(Beirut) – An Omani court sentenced three journalists to prison on September 26, 2016, and ordered the permanent closure of their newspaper, over an article that alleged corruption in the judiciary. Ibrahim al-Ma’mari, the editor-in-chief of the newspaper Azamn, and Yousef al-Haj, its deputy editor, remain in custody while the judge released Zaher al-Abri, another editor, on bail at the beginning of the trial on August 22.

 

Images of detained journalists Yousef al-Haj, Zaher al-Abri, and Ibrahim al-Ma’mari appearing on Azman's website along with announcement of the paper's closure.

2016 Azamn

The court of first instance in Muscat sentenced both al-Ma’mari and al-Haj to three years in prison and ordered them to pay a fine of 3,000 Omani Rials (US$7,800) on charges of “disturbing public order,” “misusing the internet,” “publishing details of a civil case,” and “undermining the prestige of the state,” the rights group Monitor of Human Rights in Oman (MHRO) reported. It also barred them from journalism for one year. The court sentenced al-Abri to one year in prison and fined him 1,000 Omani Rials (US$2,600) for using “an information network [the Internet] for the dissemination of material that might be prejudicial to public order.” The court set bail at 50,000 Omani Rials (US$130,000) for al-Ma’mari and al-Haj if they decide to appeal.

“Oman’s government appears to be in competition with its Gulf allies in throwing journalists and activists in prison for peaceful criticisms,” said Joe Stork, deputy director of Human Rights Watch’s Middle East and North Africa division. “Oman should investigate the authorities’ potential misuse of power instead of silencing the messenger.”

These broad restrictions on reporting appear to violate international standards of freedom of expression, including the right to criticize government officials.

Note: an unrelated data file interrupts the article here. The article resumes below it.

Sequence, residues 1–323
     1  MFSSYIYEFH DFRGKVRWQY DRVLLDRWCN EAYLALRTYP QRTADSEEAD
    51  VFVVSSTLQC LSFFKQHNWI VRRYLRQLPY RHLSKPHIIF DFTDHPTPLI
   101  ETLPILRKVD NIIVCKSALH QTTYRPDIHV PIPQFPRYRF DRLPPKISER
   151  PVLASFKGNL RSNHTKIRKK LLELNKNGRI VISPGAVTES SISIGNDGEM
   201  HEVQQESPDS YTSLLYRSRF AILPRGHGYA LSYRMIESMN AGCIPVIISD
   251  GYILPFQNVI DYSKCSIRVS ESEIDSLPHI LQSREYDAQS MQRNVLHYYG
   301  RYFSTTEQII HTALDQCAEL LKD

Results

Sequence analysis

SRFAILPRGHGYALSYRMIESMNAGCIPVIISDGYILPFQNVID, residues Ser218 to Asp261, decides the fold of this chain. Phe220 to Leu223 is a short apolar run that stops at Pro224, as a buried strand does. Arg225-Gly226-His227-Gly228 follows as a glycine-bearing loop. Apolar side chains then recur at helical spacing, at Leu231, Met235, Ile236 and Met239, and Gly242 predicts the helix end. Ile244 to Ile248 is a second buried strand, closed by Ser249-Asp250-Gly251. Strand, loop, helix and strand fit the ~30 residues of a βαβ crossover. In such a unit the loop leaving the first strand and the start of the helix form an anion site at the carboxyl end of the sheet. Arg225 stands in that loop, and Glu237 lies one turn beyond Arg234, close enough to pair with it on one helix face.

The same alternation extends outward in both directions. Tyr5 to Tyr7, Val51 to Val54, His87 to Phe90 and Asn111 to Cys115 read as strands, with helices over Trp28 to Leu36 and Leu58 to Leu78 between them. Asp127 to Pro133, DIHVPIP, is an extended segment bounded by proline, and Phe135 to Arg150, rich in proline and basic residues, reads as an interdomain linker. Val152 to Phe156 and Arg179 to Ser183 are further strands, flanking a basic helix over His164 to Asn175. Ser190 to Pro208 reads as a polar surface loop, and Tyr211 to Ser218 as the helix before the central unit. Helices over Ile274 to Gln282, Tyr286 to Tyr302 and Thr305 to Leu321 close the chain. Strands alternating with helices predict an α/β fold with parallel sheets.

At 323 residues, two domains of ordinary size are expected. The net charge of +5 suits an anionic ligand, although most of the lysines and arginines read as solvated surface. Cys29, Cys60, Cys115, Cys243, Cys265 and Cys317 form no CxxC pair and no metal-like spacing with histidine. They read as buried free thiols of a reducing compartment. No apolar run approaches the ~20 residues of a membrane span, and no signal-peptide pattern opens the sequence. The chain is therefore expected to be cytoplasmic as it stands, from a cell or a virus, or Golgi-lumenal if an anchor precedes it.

On July 26, Azamn published an article, “Higher Authorities Tie the Hands of Justice,” alleging that the chairman of the Omani Supreme Court had been involved in unlawfully influencing and overruling an appeal court’s verdict in a high-profile inheritance case. On July 28, the authorities arrested al-Ma’mari, and on August 1, they arrested al-Abri, who oversees the newspaper’s local coverage.

On August 9, Azamn published an interview with Ali bin Salem al-No’mani, the vice president of the Omani Supreme Court, in which al-No’mani supported the allegations in the earlier article concerning undermining the judiciary’s independence. Hours later, the Information Ministry announced the immediate closure of Azamn. Oman’s Internal Security Service arrested al-Haj at his home the same day. The court found al-Haj guilty of publishing an article about the issue despite an order the Ministry of Information issued in August prohibiting further coverage of the issue.

Authorities have targeted Azman before for its criticism. In 2011, a court ordered Azamn to shut down for a month and sentenced al-Ma’mari and al-Haj to five-month suspended jail sentences for insulting the justice minister and other officials.

The United Nations Human Rights Committee sets a high bar for restricting criticism against government officials and has emphasized that the “mere fact that forms of expression are considered to be insulting to a public figure is not sufficient to justify the imposition of penalties.” Therefore, “all public figures, including those exercising the highest political authority such as heads of state and government, are legitimately subject to criticism and political opposition.”